Heart failure is a frighteningly common but sometimes overlooked life-threatening
condition that occurs when your heart becomes too weak to pump blood to
the rest of your body.
"Heart failure tends to make you feel tired all the time and short
of breath, so many people dismiss these symptoms, thinking they are signs
of 'just getting old.' Other times it is wrongly attributed to
asthma, pneumonia, upper respiratory infection or depression,” BCH
heart failure specialist
Scott Blois, MD, said during a free health lecture held on Jan. 17 in Erie, Colo.
"Although the symptoms of heart failure can be very subtle, it's
dangerous to ignore them," he said.
Heart failure can lead to serious complications, including kidney damage,
heart valve problems, abnormal heartbeat (arrhythmia) and liver damage.
Up to half of those who develop heart failure die within five years of
if not put on appropriate therapies.
“Early diagnosis offers the best response to treatment and a better
prognosis,” Dr. Blois explained.
FACES of Heart Failure
To help quickly spot symptoms of heart failure, Dr. Blois shared a handy
tool that goes by the acronym FACES.
F = Fatigue
A = Activities limited
C = Chest congestion
E = Edema or ankle swelling
S = Shortness of breath
Any one sign may not be cause for alarm. But if you have any of these
symptoms and they persist despite initial treatment, Dr. Blois said to
report them to a health care professional and ask for a heart evaluation
echocardiogram — the most important test to evaluate and confirm heart failure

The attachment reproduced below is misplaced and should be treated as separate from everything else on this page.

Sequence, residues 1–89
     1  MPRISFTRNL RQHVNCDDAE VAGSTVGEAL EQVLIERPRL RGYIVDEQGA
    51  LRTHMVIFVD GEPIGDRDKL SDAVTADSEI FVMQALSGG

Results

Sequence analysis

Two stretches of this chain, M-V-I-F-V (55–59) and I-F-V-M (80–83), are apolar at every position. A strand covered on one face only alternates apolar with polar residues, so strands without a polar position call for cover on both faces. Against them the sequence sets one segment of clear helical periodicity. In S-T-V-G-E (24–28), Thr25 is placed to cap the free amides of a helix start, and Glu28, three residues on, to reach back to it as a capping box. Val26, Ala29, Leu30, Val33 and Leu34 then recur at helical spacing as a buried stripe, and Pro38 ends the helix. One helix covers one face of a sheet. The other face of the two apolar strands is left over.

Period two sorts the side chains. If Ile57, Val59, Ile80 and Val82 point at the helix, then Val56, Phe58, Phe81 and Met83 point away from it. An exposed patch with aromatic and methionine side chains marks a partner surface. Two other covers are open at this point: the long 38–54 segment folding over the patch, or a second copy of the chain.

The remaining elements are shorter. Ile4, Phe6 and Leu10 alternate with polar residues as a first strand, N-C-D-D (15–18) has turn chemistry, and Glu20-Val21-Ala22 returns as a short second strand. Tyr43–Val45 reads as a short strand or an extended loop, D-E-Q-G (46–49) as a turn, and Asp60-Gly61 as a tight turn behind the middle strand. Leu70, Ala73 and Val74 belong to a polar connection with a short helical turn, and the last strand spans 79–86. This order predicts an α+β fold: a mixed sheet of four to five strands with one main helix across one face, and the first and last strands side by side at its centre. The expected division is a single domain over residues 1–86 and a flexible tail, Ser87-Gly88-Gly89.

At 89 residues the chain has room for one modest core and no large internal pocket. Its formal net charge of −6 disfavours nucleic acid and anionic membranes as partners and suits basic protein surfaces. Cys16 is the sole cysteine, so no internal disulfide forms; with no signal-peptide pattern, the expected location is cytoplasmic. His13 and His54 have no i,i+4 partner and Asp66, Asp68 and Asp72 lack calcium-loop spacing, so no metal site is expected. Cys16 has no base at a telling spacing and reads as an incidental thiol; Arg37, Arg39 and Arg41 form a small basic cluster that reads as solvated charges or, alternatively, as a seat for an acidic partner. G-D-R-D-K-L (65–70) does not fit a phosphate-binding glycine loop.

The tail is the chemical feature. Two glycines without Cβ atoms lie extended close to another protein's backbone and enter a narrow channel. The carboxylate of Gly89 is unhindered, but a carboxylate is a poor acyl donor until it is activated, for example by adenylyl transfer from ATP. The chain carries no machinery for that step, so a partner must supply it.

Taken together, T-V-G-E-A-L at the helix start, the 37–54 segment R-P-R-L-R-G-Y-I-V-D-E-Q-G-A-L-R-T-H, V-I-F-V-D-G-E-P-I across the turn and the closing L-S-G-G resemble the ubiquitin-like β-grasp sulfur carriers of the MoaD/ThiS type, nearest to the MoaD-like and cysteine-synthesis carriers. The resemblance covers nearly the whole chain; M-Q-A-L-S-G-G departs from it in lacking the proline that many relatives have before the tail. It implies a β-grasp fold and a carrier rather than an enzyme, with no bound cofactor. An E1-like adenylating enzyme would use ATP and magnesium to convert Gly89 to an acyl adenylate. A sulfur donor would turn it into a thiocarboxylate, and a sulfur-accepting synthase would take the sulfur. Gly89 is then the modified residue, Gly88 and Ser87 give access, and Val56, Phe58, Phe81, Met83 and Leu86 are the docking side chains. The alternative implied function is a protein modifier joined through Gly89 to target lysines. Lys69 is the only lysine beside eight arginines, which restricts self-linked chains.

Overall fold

— and the B-type natiuretic peptide (BNP) level blood test. Results
of these tests can help your doctor determine the cause of your signs
and symptoms and the most appropriate treatment.
Causes and Risk Factors
Dr. Blois said that currently an estimated 1 in 5 people will develop
heart failure in their lifetime. It's caused by current and past medical
conditions that either damage or weaken the heart:
- uncontrolled high blood pressure (hypertension)
- past heart attack
- coronary artery disease
- heart valve disease
- alcohol dependence
One of these risk factors can be enough to cause heart failure, but a combination
of factors greatly increases your risk. Talk to your health care provider
about your risk for heart failure.
Doctors usually treat heart failure with a combination of medications.
You may also need to take other heart medications as well — such
as diuretics for shortness of breath or leg swelling — along with
heart failure medications.
According to Dr. Blois, following recommendations for lifestyle changes
can help slow the disease’s progression and improve symptoms. These include:
- limiting water and salt intake
- engaging in moderate exercise
- adhering to your medication regimen
- cutting back on heavy alcohol use and smoking
"Fortunately, the increase in heart failure patients has inspired
researchers to look for new ways to treat it and delay its progression.
Many new medications, pacemakers, defibrillators and surgical procedures
have been developed that can strengthen the heart muscle and make heart
failure a chronic, yet tolerable disease,” Dr. Blois added.
He stated that even more advancements are underway and will become available
in the not-to-distant future, including:
- genomic testing to determine which medications may work best for you
- stem cell replacement in the heart via surgical injection
- gene replacement to grow new muscle cells in the heart
- surgical mechanical heart pumps (VADs) with superior materials
As he wrapped up his lecture, Dr. Blois made a critical point about where
to go for care.
“If you have heart failure, it’s important to go to a specialized
heart failure clinic, like the
Heart Failure Clinic we have at Boulder Heart,” he said. “We can offer the latest
treatment options for managing the condition and the best chance of maintaining
a good quality of life.”
Dr. Scott Blois established the first and only
heart failure clinic in Boulder County. Appointments are available by calling Boulder Heart
Click here to view PowerPoint slides from Dr. Blois’s lecture on “Recognizing
and Treating Heart Failure.”
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